Age-Friendly Champaign-Urbana panel focusing on quality-of-life issues

Age-Friendly Champaign-Urbana panel focusing on quality-of-life issues

CHAMPAIGN — Two years after Champaign-Urbana joined a network of age-friendly communities, local organizers have begun tackling some of the major issues that stand to affect the quality of life for older adults in the area.

That includes, for instance, boosting community inclusion across a diverse population of races and income levels.

"We want to make sure we address the needs of everyone, not just one segment," said Ben LeRoy, a Champaign associate planner who is also co-chairman of the Age-Friendly Champaign-Urbana committee.

Another goal is updating information about community events and useful resources for older adults and making it all easy to access — including the upcoming launch of a website called Chambana Seniors.

Still another is aimed at improving transportation resources for older adults who no longer drive.

Age-Friendly Communities is an initiative of AARP, and its goal is to help make it comfortable and easier for older adults to continue living in their home communities as they age.

Improving the quality of life for older adults also stands to have an impact on all age groups, LeRoy said.

"We all benefit when our community is more age-friendly," he said.

Nearly a quarter of Champaign County's population is already 55 or older, and nearly 8 percent of the county's population over 65 is living below the federal poverty level on less than $12,490 a year for a one-person household, according to Age-Friendly Champaign-Urbana.

"There's a lot of work to do," said Kathleen Holden, a retired UI administrator co-chairing the local initiative with LeRoy. "We've got a lot of older adults coming down the pike, and as a society, we're not ready for it."

One goal for Champaign in the Age-Friendly initiative is retaining people who might otherwise move away, LeRoy said.

"We want people to feel Champaign remains a great option for them as they advance through stages of life," he said.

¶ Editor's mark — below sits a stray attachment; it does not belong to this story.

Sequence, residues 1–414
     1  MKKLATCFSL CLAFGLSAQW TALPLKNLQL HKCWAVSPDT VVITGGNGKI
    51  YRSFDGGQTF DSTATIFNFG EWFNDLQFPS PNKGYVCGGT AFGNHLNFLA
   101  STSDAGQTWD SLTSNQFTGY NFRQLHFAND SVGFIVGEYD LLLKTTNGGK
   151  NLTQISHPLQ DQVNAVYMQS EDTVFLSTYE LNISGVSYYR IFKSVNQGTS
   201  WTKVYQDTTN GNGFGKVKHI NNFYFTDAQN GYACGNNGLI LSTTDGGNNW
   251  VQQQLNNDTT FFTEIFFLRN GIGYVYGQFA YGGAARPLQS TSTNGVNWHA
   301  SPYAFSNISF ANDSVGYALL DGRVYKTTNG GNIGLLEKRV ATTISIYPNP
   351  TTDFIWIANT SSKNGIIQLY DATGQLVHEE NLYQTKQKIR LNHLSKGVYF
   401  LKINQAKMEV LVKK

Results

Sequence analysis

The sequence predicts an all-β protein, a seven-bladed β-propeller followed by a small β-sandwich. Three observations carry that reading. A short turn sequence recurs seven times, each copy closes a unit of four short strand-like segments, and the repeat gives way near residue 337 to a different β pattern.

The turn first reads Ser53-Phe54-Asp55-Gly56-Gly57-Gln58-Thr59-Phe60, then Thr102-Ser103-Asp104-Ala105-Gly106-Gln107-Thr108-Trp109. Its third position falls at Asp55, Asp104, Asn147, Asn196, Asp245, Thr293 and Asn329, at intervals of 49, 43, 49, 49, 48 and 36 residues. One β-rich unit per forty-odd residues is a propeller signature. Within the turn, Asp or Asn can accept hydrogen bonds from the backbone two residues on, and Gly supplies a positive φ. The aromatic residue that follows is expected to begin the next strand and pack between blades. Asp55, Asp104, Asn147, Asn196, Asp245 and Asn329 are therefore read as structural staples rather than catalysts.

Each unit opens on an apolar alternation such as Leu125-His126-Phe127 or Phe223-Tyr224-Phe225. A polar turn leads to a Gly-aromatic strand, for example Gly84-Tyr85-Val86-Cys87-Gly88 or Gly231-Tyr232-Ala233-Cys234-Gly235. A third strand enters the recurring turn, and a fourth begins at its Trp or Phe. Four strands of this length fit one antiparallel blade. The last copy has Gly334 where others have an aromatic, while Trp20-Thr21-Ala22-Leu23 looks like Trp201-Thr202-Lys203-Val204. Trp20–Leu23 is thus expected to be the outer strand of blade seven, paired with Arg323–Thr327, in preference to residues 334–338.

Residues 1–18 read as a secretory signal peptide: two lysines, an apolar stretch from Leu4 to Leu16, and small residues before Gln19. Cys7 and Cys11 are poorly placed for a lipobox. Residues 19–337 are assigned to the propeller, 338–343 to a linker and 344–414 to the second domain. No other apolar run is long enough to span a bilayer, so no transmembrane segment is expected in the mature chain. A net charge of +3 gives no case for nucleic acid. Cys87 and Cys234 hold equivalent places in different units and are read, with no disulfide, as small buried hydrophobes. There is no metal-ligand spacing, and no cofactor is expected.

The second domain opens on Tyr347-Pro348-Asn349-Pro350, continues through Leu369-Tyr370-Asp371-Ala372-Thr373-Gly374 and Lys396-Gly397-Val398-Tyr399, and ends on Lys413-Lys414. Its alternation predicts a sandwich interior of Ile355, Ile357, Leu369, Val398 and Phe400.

Another goal is ensuring Champaign is a good option for retirees looking to relocate to a vibrant community, LeRoy said.

The Age-Friendly Champaign-Urbana committee includes a broad group of people from local governments, health and social service organizations and the UI.

It began with research that included a public survey to identify major needs for older adults in the area, and this year, the group launched a three-year action plan. Rather than trying to address all goals at once, LeRoy said, the group is focusing initially on making progress on the three of them, centered on improving community inclusion, transportation access and communication.

Currently, there are fragmented resources for older adults and only some are available online — and some are out of date, the plan states. The Chambana Seniors website will likely be launched later this year, LeRoy said.

The three-year plan also states the entire population of older adults in the community isn't currently being reached, and the desired state is "an inclusive community where older adults feel safe, supported and included."

Pieces of work on boosting community inclusion will be increasing options for older adults who want to remain in their homes and neighborhoods and opportunities for older adults to connect with agencies in need of volunteers.

Work on the transportation goal will be directed at addressing barriers to older adults' use of public transportation and ride-share services.

Champaign-Urbana was one of just two communities in Illinois in the AARP's Age-Friendly network in 2017, along with Evanston. The Illinois list has since grown to include Alton, Arlington Heights, Danville and Woodstock.

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